Panama Canal officials announced Wednesday they would reduce the daily number of vessels allowed to transit the shipping passage to 24, down from the average of 36 this time last year, amid severe drought conditions. Estimated losses from the cutbacks are expected to cost Panama nearly $700M this year and have domino effects on global shipping.
The 50-mile canal across the isthmus of Panama is one of the world's busiest trade routes, seeing roughly 5% of global maritime volume and 40% of all US container traffic, a total of roughly $270B in cargo annually (watch overview). First opened in 1914 to facilitate faster trade between the east coast of the US and Asia, the canal requires roughly 50 million gallons of fresh water for each of the 15,000 annual ships using its lock system. Track real-time ships here.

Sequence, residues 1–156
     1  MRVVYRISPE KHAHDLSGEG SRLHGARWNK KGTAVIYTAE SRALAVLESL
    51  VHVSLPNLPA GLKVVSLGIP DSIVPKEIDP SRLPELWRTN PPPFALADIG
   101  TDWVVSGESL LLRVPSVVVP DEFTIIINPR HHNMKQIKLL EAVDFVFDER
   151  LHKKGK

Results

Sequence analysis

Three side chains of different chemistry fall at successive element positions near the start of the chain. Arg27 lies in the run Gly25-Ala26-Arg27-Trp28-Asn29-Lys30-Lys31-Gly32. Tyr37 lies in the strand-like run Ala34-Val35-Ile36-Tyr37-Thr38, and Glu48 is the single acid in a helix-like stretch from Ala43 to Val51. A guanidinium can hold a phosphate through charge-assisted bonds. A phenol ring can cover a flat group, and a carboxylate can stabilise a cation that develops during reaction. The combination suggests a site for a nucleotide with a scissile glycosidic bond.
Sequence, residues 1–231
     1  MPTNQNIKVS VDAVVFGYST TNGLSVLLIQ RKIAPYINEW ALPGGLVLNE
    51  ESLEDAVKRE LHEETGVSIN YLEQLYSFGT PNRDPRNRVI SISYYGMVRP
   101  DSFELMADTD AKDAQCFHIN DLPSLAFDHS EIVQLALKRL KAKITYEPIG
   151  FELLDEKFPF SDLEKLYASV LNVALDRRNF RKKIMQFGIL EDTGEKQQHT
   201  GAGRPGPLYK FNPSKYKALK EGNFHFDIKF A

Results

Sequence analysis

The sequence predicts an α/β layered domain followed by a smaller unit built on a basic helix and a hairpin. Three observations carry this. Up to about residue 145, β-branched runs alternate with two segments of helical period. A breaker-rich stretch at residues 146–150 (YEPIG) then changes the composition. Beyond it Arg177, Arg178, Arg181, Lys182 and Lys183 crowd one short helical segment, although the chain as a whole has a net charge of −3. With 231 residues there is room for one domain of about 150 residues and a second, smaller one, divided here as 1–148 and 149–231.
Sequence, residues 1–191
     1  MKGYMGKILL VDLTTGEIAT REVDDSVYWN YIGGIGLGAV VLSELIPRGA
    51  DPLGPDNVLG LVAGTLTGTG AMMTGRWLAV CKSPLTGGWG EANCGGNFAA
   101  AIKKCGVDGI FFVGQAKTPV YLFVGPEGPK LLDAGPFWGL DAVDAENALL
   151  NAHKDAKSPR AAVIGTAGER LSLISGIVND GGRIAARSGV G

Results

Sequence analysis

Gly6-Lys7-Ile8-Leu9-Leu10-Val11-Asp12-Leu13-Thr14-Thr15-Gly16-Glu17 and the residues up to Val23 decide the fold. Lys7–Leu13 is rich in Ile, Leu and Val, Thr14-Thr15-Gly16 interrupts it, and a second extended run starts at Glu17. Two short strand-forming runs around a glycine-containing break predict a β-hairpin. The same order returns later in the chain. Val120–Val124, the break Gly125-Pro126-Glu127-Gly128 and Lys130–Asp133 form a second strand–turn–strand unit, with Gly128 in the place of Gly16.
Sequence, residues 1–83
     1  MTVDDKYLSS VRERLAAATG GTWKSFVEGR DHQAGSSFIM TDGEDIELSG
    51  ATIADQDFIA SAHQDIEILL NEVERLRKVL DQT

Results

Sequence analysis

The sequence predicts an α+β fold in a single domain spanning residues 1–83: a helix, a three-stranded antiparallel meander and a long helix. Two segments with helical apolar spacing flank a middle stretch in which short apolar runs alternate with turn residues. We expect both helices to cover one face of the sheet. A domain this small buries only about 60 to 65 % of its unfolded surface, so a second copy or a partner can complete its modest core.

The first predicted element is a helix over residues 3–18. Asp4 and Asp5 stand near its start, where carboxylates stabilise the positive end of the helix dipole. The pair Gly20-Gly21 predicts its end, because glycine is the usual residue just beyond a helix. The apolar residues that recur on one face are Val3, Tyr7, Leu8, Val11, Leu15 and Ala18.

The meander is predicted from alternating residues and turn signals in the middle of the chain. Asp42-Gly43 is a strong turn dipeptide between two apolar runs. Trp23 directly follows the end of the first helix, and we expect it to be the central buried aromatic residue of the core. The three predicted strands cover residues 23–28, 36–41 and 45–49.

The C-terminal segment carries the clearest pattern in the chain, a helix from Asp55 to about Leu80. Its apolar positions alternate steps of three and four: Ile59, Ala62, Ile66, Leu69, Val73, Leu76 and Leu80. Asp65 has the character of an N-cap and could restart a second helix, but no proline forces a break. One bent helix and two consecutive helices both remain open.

The reduction further strains global trade as the world's other major canal, the Suez in Egypt, sees drops in traffic amid escalating conflict in the Middle East.